There are more than 800 species in the region (Lemaire pers. comm.), most of which are broadly reviewed in the works of Lemaire (1978) and Michener (1952). Some local treatments of saturniid faunas (Janzen 1982, Lemaire and Venedictoff 1989) contain useful biological and zoo-geographic information as well as present a cross section of the types found in the Neotropics.


Blest, A. D. 1960. A study of the biology of saturniid moths in the Canal Zone Biological Area. Smithsonian Ann. Rep. 1959: 447-464. Janzen, D. H. 1982. Guía para la identificación de mariposas nocturnas de la familia Saturni-idae del Parque Nacional Santa Rosa, Guanacaste, Costa Rica. Brenesia 19/20: 255-299. Lemaire, C. 1978. Les Attacidae Américains. (The Attacidae of America [= SaturniidaeJ: Attacinae.) C. Lemaire, Neuilly-sur-Seine. Lemaire, C., and N. Venedictoff. 1989. Catalogue and biogeography of the Lepidoptera of Ecuador. I. Saturniidae. With a description of a new species of Meroleuca Packard. Allyn Mus. Entomol. Bull. 129: 1-60. Michener, C. D. 1952. The Saturniidae (Lepidoptera) of the Western Hemisphere: Morphology, phylogeny and classification. Amer. Mus. Nat. Hist. Bull. 98: 335-502. Raymundo, B. 1919. Noticia sobre alguns lepidópteros serígenos do Brasil. Rev. Tribunals, Rio de Janeiro.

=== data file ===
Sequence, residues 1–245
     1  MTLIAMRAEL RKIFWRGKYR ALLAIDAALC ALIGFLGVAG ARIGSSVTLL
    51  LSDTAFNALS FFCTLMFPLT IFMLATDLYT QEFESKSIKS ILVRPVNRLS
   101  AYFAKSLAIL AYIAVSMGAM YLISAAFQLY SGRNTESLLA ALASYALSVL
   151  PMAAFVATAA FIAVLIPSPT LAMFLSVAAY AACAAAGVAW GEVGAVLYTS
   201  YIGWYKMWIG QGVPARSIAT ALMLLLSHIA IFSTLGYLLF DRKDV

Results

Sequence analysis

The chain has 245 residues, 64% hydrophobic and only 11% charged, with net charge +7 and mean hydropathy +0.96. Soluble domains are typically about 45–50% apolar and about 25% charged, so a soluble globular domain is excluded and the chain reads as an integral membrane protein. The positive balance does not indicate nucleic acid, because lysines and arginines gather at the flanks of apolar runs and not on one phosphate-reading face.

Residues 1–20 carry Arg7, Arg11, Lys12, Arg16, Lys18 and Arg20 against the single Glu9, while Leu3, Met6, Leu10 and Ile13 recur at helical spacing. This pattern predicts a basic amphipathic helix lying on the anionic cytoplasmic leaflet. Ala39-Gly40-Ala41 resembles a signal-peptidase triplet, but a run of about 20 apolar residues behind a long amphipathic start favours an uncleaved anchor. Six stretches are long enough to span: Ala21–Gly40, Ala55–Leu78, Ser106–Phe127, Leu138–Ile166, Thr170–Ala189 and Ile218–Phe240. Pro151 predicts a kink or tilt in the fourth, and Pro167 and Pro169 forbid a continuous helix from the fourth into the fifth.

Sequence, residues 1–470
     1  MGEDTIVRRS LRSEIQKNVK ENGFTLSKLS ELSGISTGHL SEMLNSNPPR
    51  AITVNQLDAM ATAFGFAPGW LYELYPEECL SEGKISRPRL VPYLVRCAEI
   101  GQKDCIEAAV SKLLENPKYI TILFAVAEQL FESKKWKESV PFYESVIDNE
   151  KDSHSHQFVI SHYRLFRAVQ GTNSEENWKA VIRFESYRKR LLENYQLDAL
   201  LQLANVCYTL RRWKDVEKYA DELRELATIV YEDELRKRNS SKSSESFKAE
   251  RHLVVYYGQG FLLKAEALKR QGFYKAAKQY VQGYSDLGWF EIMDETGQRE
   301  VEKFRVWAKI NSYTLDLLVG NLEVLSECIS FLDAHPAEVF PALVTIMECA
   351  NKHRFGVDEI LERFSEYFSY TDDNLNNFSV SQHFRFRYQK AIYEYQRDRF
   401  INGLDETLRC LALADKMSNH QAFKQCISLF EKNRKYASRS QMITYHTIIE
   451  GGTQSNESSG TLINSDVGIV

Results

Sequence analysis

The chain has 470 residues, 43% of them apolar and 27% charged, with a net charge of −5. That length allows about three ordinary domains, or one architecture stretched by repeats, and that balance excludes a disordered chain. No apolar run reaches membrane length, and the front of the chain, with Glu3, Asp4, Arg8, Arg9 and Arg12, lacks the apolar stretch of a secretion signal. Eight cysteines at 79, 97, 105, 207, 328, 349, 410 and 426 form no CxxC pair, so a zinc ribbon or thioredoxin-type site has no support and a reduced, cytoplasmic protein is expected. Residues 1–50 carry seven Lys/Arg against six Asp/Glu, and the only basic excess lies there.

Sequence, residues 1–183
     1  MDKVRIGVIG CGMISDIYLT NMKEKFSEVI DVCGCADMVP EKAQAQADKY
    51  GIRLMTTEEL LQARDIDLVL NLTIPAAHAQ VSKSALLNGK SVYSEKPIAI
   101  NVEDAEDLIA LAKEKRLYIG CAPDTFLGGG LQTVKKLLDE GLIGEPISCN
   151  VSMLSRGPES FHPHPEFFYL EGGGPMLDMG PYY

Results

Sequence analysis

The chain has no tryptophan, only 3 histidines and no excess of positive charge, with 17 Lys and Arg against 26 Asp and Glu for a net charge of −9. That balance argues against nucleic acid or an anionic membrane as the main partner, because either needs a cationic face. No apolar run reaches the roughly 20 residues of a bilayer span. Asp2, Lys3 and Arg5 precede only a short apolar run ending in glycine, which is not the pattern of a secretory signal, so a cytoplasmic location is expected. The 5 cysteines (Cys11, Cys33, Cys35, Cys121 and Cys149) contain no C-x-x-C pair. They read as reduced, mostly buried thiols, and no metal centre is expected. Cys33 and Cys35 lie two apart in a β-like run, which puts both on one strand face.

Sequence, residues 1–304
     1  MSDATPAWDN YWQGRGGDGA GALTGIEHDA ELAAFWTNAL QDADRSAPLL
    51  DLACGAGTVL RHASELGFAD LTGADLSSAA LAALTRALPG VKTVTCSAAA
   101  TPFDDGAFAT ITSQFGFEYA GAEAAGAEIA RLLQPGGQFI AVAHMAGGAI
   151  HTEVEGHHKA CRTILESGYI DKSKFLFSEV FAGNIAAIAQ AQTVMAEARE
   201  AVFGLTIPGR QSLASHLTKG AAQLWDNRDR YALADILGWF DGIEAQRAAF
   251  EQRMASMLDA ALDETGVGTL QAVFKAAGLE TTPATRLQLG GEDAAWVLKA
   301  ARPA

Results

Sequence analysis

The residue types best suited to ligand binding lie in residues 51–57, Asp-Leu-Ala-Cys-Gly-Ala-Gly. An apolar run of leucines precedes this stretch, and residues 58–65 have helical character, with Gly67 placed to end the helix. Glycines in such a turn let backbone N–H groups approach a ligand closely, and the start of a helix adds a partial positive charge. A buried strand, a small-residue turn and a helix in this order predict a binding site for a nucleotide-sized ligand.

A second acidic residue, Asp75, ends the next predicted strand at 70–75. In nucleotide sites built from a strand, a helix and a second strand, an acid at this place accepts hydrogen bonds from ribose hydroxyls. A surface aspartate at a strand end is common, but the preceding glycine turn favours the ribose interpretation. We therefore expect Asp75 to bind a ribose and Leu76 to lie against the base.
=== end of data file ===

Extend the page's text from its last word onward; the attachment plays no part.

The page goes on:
Regal and Imperial Moths

Saturniidae, Ceratocampinae

(= Citheroniinae), Citheronia and Eacles. Portuguese: Caveiras (Brazil). Horned devils (larvae).

One provocative common name of regal moths (Citheronia), "horned devils," comes from the appearance of their larvae. These giant (BL to 10 cm), varicolored (often orange or red), fearsome creatures have enormous, curved, hornlike protuberances on all the thoracic segments (fig. 10.1b). The naked skin is marked with contrasting oblique bars or other strongly contrasting patterns. The natural host plants are not entirely known, but larvae of various species have been found on wild cotton and Pinus and reared in captivity on Peruvian pepper (Schinus molle, Anacardiaceae).